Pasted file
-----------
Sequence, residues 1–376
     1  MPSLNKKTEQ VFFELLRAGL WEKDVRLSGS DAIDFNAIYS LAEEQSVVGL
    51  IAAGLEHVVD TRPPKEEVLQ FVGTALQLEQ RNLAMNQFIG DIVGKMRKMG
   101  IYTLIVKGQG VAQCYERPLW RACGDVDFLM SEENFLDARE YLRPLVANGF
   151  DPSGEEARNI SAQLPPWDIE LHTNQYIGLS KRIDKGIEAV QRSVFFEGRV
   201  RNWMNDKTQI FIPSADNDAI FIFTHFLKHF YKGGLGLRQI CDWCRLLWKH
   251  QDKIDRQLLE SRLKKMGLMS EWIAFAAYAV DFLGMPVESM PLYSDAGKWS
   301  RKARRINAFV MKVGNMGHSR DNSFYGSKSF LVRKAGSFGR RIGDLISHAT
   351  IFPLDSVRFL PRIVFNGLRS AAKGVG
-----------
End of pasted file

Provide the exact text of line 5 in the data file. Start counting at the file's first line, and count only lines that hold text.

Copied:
   151  DPSGEEARNI SAQLPPWDIE LHTNQYIGLS KRIDKGIEAV QRSVFFEGRV